I have decided that the gasketing of the pneumatic decks was basically
for the purpose of preventing the pneumatics from sliding around when
they are planted, enabling the builder to use thinner hot hide glue,
creating a better seal in general on pneumatics which may be warped,
for more tolerance to particles in the glue or on the pneumatic or
the deck, and for a much faster "grip" time. The negative aspect of
gasketing is its intolerance to be removed or moved even slightly if
the pneumatic was planted wrong.
It definitely should not cause the pneumatics to fall off easily.
Just the opposite. So, if some pneumatics seems to fall off when pried
lightly, that is due to some other factor.
Aeolian Duo-Art used pneumatic skins to glue their pneumatics to, and
these are very easy to remove. Not because of the glue, but the skin
itself, which has, in the process of time, dry-rotted. It looks
perfect, but the pneumatics will just fall off of it.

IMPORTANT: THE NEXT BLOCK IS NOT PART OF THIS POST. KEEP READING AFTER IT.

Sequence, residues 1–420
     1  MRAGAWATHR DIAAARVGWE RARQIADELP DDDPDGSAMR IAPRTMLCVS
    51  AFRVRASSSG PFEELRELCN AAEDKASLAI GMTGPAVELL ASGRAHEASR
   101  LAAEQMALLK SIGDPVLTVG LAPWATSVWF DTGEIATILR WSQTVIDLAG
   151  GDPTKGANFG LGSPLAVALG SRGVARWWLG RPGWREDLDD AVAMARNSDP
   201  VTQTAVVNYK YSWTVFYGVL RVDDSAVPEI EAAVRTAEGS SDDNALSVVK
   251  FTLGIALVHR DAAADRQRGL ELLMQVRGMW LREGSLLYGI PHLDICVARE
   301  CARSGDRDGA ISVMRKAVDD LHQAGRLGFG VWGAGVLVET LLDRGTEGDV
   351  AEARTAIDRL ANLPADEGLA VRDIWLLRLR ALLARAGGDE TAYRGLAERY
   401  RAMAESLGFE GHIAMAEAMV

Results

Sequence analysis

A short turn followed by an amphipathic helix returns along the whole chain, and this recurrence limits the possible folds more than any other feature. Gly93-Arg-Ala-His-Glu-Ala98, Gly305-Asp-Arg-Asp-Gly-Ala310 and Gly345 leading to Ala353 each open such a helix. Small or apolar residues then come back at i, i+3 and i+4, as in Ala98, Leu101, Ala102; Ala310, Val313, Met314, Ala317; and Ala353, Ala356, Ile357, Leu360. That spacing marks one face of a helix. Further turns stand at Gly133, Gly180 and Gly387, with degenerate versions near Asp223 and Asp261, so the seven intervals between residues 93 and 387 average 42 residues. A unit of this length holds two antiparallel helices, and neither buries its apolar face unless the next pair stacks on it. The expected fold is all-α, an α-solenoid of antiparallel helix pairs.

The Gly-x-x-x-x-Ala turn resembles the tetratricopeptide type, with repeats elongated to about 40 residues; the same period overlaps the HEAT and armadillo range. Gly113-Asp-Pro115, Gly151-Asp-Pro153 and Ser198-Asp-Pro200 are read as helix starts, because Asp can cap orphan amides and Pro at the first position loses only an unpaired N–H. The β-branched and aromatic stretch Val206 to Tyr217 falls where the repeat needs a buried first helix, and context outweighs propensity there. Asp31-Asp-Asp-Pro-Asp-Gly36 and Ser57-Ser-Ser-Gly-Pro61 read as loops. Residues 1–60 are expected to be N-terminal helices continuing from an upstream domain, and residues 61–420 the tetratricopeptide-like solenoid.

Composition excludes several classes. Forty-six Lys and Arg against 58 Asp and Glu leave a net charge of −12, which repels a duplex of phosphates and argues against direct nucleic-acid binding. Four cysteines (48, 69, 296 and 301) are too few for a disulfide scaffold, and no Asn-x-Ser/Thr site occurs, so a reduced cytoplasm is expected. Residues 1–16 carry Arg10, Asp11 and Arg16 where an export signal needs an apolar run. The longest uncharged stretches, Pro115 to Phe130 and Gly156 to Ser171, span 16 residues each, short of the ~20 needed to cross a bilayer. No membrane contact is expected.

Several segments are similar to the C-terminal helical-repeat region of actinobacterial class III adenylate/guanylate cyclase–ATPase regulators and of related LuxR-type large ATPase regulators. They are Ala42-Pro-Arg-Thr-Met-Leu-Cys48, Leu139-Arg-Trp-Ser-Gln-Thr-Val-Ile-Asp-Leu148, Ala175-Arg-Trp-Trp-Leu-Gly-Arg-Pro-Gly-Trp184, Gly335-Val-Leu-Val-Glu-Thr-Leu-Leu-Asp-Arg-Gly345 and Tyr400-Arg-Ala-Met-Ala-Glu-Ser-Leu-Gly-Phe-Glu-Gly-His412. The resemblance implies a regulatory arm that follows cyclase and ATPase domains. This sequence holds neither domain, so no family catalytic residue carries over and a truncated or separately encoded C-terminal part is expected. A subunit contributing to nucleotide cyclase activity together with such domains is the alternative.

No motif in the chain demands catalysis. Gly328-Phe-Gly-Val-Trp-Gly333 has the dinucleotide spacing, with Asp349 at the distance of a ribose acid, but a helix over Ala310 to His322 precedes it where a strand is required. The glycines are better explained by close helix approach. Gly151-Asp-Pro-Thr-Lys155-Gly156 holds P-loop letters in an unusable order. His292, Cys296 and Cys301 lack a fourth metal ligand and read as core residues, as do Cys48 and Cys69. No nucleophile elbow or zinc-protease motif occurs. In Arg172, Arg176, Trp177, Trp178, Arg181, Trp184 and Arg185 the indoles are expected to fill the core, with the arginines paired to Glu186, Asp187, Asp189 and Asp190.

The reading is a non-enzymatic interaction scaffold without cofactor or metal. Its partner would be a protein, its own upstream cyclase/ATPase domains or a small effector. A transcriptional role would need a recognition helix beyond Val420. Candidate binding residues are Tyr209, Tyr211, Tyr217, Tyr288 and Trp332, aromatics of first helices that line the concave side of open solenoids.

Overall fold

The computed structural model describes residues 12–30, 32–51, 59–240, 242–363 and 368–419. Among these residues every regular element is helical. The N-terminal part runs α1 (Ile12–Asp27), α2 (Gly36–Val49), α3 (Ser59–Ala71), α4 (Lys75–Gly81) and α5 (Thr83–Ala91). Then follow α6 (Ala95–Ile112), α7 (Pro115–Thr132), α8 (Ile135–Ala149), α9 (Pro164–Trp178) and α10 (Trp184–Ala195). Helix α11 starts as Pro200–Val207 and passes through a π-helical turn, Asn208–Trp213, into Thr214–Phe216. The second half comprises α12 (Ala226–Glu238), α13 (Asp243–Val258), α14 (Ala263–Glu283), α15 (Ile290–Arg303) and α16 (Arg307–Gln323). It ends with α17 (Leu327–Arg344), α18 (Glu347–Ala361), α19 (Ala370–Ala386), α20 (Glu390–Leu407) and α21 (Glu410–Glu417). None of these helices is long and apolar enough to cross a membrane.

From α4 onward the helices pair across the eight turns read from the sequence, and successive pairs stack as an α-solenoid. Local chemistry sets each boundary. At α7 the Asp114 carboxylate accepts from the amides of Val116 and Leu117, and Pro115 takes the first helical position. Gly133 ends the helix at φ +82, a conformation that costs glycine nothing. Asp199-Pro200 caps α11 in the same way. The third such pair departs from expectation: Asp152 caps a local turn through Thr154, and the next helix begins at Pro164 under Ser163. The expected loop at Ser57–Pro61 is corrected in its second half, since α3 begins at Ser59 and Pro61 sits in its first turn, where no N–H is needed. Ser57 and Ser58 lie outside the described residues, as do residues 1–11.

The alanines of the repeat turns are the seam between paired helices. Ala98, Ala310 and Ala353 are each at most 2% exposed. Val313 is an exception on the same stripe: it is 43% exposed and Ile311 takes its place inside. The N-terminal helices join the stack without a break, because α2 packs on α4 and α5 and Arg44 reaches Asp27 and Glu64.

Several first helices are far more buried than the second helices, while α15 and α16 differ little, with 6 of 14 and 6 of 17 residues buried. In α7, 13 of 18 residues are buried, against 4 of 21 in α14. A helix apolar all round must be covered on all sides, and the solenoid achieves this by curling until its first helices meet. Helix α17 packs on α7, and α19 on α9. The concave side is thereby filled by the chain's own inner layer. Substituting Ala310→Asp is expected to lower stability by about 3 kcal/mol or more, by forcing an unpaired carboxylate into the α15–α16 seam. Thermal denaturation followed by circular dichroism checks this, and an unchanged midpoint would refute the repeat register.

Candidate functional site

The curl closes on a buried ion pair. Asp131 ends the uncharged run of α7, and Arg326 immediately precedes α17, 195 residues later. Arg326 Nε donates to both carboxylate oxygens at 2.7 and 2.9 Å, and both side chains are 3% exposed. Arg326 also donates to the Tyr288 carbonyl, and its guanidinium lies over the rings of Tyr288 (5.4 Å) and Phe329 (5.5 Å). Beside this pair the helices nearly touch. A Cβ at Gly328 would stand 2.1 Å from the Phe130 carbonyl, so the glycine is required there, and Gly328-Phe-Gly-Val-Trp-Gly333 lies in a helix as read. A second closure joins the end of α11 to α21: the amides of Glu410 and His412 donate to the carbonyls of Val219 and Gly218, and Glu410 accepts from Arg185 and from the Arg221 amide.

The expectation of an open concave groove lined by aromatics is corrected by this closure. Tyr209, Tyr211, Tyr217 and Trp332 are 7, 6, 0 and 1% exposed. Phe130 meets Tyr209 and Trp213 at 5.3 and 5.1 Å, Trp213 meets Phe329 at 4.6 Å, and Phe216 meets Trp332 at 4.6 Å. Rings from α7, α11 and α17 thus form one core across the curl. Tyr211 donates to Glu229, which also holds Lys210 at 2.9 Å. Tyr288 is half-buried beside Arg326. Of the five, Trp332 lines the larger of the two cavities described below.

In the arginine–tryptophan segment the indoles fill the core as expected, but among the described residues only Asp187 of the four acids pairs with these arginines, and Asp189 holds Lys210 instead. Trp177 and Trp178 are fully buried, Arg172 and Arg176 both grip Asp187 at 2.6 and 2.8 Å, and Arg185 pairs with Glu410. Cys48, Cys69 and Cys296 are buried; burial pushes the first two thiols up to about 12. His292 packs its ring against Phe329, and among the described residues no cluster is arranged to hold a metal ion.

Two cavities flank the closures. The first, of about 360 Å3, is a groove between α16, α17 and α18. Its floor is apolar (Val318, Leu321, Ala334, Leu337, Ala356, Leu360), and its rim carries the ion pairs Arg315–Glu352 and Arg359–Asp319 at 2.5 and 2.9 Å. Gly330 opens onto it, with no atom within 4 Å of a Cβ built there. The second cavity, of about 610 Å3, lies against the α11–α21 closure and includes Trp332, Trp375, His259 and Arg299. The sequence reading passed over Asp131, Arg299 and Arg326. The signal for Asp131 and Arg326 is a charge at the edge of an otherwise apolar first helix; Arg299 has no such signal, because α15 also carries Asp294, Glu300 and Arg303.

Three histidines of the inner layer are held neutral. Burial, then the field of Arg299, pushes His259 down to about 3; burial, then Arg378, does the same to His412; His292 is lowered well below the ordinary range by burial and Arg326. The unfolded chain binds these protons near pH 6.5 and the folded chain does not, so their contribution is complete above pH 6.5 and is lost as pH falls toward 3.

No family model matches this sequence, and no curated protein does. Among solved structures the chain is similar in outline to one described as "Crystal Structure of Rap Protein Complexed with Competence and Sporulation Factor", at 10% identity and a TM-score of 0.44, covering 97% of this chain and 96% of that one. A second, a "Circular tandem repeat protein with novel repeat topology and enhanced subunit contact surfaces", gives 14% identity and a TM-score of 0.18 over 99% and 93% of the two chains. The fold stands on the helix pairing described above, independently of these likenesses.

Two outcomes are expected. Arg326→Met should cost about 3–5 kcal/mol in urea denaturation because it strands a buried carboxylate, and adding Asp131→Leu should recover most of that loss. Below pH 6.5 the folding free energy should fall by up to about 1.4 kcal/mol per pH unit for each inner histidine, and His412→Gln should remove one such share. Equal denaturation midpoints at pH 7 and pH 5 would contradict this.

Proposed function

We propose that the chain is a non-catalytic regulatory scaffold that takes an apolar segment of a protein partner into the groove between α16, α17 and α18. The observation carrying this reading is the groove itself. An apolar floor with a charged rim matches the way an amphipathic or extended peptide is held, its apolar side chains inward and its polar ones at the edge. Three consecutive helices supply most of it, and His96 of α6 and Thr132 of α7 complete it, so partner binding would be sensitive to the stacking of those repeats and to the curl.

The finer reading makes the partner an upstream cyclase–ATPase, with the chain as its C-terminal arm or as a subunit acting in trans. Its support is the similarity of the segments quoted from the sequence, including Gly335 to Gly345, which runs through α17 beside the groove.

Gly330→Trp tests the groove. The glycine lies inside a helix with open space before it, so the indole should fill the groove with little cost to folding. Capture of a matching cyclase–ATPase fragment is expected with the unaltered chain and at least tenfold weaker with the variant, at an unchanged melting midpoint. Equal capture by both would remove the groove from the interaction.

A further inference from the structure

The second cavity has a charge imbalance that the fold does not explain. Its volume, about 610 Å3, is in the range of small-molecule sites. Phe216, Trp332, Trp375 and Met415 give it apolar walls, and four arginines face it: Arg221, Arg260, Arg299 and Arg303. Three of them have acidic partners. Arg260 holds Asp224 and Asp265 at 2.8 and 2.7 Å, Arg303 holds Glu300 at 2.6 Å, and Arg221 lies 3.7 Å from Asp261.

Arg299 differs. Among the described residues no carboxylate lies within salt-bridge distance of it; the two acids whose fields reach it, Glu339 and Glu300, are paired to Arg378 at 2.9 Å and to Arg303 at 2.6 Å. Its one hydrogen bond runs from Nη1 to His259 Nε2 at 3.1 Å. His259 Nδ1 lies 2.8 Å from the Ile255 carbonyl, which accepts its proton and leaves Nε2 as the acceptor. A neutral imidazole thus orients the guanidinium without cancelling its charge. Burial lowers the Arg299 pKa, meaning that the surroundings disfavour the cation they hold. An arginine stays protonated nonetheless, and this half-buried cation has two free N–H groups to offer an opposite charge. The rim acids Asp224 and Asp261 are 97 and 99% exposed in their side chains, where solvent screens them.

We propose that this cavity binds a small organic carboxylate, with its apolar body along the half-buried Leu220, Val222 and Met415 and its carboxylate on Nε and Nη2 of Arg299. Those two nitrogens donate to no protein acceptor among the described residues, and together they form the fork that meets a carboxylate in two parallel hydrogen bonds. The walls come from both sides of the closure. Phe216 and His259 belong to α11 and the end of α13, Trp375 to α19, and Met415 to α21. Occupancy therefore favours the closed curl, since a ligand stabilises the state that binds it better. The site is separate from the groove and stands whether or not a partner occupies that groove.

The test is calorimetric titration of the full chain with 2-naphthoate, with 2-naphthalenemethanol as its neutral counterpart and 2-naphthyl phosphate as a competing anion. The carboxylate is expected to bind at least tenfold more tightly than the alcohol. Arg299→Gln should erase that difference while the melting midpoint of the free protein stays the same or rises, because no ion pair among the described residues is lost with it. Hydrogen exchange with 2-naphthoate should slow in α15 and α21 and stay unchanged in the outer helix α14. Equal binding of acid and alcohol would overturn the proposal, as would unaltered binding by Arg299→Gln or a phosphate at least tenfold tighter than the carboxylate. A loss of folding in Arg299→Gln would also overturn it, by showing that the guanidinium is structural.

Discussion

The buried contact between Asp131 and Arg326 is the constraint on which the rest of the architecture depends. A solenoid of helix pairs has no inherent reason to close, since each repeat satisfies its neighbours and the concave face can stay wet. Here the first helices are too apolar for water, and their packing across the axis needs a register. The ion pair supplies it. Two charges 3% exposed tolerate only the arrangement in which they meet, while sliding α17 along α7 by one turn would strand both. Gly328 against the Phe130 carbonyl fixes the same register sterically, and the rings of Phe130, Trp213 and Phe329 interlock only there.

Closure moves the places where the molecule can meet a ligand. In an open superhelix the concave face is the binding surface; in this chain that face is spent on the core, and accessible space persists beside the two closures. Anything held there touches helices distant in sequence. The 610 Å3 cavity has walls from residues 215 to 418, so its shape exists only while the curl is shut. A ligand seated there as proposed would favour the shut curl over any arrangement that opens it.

Ampico Amphion stacks and others used stiffened (sized) cheesecloth
strips, with which they also covered the pneumatic feed hole. These
are very difficult to remove compared to the Duo-Art, because the
cheesecloth didn't rot away.
Whatever you discover was used as a gluing gasket, you have to get rid
of every bit of it. I have redone some Duo-Arts whose former rebuilder
scraped off as much old pneumatic leather as he could get off that way,
then glued the recovered pneumatics back down directly to wood. He
thought the new glue would saturate the old leather colorations right
on through, down to the wood, and it would be all right. Not so. The
pneumatics which fell off or were loose one side and leaked had the
coloration of the old skin under it.
The best way to remove that is first by scraping, and then wetting it,
letting it soak a short while, and then just rolling it off. You can
get 100% of it off that way.
Regarding the use of water on any kind of glue joint, that isn't wrong
to do, contrary to many hobbyists' opinions. Like they say, "The
poison isn't the product but the dosage," the same balanced approach
applies to everything. If you leave parts soaking too long, you are
just asking for it. But glues all have water in them, and they don't
warp the wood-- unless you are using either the wrong glue or using it
in the wrong way. So dampening or wetting parts first can be a good
technique. Just don't overdo it. If you don't know or are leery about
it, then test one first.